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Volatile memory

From Wikipedia, the free encyclopedia

Volatile memory, in contrast to non-volatile memory, is computer memory that requires power to maintain the stored information; it retains its contents while powered on but when the power is interrupted, the stored data is quickly lost.

Volatile memory has several uses including as primary storage. In addition to usually being faster than forms of mass storage such as a hard disk drive, volatility can protect sensitive information, as it becomes unavailable on power-down. Most general-purpose random-access memory (RAM) is volatile.[1]


There are two kinds of volatile RAM: dynamic and static. Even though both types need continuous electrical current to retain data, there are some important differences between them.

Dynamic RAM (DRAM) is very popular due to its cost-effectiveness. DRAM stores each bit of information in a different capacitor within the integrated circuit. DRAM chips need just one single capacitor and one transistor to store each bit of information. This makes it space-efficient and inexpensive.[2]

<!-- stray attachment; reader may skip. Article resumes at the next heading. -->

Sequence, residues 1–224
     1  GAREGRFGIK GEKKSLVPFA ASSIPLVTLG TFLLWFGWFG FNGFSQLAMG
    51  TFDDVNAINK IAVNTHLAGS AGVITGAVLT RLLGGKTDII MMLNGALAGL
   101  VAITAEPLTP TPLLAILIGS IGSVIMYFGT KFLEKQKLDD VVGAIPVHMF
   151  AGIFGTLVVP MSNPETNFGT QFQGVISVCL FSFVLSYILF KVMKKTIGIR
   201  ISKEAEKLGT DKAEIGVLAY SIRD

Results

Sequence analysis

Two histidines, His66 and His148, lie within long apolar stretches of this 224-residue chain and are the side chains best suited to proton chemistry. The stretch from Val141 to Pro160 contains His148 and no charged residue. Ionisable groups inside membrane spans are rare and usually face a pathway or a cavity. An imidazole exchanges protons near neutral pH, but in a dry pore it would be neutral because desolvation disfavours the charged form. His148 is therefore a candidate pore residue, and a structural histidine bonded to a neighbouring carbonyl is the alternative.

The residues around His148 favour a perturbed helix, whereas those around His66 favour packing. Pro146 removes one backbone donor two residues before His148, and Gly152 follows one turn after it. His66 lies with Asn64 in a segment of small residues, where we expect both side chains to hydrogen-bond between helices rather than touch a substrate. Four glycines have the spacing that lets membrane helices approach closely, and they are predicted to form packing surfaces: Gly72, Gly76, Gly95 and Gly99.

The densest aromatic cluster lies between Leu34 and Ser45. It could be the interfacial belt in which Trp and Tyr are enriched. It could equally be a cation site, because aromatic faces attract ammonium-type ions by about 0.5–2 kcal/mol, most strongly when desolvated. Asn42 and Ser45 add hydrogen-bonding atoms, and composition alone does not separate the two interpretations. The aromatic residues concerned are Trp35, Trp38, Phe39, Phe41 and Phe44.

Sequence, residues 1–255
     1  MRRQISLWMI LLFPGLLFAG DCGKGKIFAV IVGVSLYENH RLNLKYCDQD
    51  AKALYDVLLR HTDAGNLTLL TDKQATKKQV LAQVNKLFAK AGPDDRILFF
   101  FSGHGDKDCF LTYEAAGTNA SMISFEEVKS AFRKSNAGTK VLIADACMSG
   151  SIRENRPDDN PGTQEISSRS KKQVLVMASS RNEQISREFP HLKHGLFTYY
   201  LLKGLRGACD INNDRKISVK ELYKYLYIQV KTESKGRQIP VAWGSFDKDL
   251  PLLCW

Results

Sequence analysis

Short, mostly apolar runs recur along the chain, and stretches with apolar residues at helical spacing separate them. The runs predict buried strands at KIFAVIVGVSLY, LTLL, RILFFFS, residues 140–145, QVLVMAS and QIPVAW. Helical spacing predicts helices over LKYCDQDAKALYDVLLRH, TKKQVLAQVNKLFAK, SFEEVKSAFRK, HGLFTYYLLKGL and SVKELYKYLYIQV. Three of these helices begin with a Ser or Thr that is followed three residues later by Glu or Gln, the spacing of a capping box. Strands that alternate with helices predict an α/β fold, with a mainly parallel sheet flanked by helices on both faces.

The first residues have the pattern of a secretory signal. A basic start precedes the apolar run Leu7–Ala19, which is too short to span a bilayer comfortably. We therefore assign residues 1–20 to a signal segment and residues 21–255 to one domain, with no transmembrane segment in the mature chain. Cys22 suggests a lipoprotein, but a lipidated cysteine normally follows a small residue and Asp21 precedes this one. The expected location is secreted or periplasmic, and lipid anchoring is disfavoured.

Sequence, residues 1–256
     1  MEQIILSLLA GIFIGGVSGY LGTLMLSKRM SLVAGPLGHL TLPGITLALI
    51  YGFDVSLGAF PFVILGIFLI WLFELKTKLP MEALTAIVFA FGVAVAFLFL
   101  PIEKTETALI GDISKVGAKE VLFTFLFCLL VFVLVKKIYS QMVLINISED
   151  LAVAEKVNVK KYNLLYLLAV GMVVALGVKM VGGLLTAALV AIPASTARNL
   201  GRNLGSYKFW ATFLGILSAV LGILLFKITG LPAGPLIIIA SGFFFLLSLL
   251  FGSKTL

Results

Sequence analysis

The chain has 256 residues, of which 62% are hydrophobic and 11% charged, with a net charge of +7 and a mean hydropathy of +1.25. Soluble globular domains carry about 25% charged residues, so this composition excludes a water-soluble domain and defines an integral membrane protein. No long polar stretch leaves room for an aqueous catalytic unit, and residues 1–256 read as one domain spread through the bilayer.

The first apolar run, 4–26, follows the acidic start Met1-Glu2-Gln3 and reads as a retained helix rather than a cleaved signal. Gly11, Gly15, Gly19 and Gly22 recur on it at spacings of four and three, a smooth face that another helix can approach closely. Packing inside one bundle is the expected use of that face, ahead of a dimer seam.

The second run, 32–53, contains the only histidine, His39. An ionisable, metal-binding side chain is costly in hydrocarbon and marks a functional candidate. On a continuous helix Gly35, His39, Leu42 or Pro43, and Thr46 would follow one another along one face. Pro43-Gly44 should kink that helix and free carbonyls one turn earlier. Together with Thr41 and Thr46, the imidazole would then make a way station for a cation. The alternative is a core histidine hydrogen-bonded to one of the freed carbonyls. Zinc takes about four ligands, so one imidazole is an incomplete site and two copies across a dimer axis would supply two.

The main advantage of static RAM (SRAM) is that it is much faster than dynamic RAM. Its disadvantage is its high price. SRAM does not need continuous electrical refreshes, but it still requires constant current to sustain the difference in voltage. Every single bit in a static RAM chip needs a cell of six transistors, whereas dynamic RAM requires only one capacitor and one transistor. As a result, SRAM is unable to accomplish the storage capabilities of the DRAM family.[3] SRAM is commonly used as CPU cache and for processor registers and in networking devices.


  1. ^ "What is volatile memory? - Definition from WhatIs.com". WhatIs.com.
  2. ^ DRAM Technology (PDF), Integrated Circuit Engineering Corporation, retrieved 2018-03-27
  3. ^ "What is the difference between static RAM and dynamic RAM?". HowStuffWorks. 2000-08-24. Retrieved 2018-05-14.